Wednesday, April 16, 2014

My Life Story, (Memories) One Cousin at a Time - Laurie

When I think of my cousin Laurie, I can't help but giggle to myself.  She was a lot of fun, but she must have thought we Idahoans were backward and weird.  If she did, she never made us feel that way, I am just saying, knowing what I know now, I would have found us weird. When I was young she lived in Las Vegas, Nevada. It was amazing that I grew up in Idaho but had cousins that lived in Nevada on both my mom’s side of the family as well as my dads’. It was very confusing to me when I was real little as to why they were not related to each other since they were related to me, especially since they both lived in Las Vegas. I eventually decided it was just too complex and I would figure it out when I was older.

Laurie was the older, wiser cousin who could really teach me the ins and outs of what it was like outside my own private Idaho. For instance, I always had a million questions about the big city. One day she told me, that the name was "Las Vegas," but there was no reason to keep calling it that. Locals just said, “Vegas.” She had a lot of very important insights. Let me give you an example, but this example will be preceded with a back story.

Growing up on a farm with eight siblings, we had a regular ritual that happened each and every Saturday. You see to us, Saturday was a special day, it was the day we got ready for Sunday. In fact we often sang a song about it. The lyrics go like this:

Saturday is a special day,
It's the day we get ready for Sunday,
We clean the house, and we shop at the store,
So we won't have to work until Monday,
We brush our clothes, and we shine our shoes,
And we call it our get-the-work-done day,
Then we trim our nails, and we shampoo our hair,
So we can be ready for Sunday!

We actually did all those things, with the exception of brushing our clothes, we washed instead of brushing, but it was all done on Saturday. In our home after our Saturday chores and baths were done, we would sit in a chair and mom would put our hair in rollers. We slept on them and in the morning we had curly hair for our church meetings.

On Saturday evenings my mom would roll our wet hair into rollers and we would sleep on them.  It was always the worst night sleep.  It felt like sleeping on rocks.  I also hated curly hair, but that's the way it was.

As we were waiting our turn to get our hair done, we would watch two shows on television. One was The Lawrence Welk Show and the other was Emergency. We didn't watch TV very often so this was a real treat. While watching Emergency, I was able to see what it was like in big city life, but to be honest; it gave me more questions than answers. The part that peaked my interest the most was the fancy hospitals with fancy uniforms.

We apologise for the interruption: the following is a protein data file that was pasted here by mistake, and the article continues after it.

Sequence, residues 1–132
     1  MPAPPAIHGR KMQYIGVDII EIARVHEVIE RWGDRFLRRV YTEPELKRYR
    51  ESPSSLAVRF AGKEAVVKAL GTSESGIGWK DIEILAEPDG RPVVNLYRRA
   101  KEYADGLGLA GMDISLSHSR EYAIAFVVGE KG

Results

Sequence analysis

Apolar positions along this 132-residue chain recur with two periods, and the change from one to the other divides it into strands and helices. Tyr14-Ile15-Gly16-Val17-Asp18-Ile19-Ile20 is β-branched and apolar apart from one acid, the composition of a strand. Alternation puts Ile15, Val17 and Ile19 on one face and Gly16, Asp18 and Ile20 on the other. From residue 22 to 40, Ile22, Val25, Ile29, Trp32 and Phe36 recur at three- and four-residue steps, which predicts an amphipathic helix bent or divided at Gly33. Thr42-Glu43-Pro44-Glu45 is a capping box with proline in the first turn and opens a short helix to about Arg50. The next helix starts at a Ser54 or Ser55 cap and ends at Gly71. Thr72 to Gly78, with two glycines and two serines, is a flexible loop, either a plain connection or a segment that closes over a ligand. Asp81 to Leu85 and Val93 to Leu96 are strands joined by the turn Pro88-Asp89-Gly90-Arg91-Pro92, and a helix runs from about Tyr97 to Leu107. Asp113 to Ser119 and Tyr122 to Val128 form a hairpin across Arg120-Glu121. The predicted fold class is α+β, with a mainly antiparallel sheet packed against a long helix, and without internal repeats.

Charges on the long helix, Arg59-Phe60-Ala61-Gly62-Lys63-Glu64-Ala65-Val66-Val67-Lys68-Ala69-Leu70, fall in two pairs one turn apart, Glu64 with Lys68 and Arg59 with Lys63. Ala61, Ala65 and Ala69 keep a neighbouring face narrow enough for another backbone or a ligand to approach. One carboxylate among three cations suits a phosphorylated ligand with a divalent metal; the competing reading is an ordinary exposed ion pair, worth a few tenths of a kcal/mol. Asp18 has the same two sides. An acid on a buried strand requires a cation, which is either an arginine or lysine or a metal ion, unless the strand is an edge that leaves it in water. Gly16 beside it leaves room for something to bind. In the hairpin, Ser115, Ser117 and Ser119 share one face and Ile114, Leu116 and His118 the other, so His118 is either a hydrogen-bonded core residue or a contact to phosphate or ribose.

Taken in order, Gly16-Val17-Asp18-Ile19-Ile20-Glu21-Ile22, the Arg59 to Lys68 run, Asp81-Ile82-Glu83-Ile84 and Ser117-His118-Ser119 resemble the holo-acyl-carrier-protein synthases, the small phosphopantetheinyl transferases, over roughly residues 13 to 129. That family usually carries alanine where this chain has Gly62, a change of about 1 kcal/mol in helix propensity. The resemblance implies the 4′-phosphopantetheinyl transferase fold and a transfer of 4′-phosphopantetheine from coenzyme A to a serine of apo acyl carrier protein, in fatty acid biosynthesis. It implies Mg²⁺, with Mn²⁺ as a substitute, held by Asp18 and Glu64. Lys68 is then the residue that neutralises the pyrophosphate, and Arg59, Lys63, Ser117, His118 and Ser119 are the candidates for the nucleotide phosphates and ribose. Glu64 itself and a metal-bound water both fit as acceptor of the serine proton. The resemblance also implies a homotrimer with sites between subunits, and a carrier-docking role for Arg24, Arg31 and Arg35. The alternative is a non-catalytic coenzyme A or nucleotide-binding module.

Look at this awesome uniform.
Anyone can see that the nurses hat is a dream dress up outfit.

Laurie, was the one to go to. She knew all the answers to my questions. First of all, she was so wise, not to mention, her mother was a real nurse who wore real uniforms. In Aberdeen we didn't have a hospital or a clinic. The closest hospital was in American Falls, and it was just a small community hospital and they didn't wear uniforms. I loved the look of the nurse’s hats. My sister’s and I would try and make our own nurse’s hat, but we couldn't figure out how those darn things stayed on their heads.

Laurie was able to explain this major mystery to me, bobby pins where the secret trick. 

We made nurses hats out of paper and pinned them on our heads and pretended to be Aunt Carol. Over the next few years there were a few television shows that even had chase scenes in Vegas and they filmed in the actual hospital Aunt Carol worked at. It doesn't take a brain surgeon to figure out that this made Laurie the absolute authority to all things television in my eyes.

The other thing Laurie taught us about was fashion and style. She knew what was going to be “trending” in Aberdeen years before it ever made it there because it was popular in the big cities first. We were lucky enough to get hand me down clothes from Laurie and Kim and by the time they got to us, they were just coming into style in Aberdeen. Talk about a sweet arrangement!

I remember when she told me that the next big fad was Levi’s 501 jeans.

I could hardly believe my ears. Why on earth would anyone where those I wondered? The only folks that would be caught dead in them in Aberdeen were old worn-out farmers. I was so sure this fad would never make it all the way to Idaho, but just to be safe, I kept a pair of hand me down 501’s in the back of my closet just in case. Boy was I ever wrong. I think if I still had those pair of jeans I could make money today selling them at a Pawn Shop.

Thank you Laurie for all the good memories!

1 comment:

  1. I love this! I had forgotten so much of it! :-) Great trip down memory lane :-)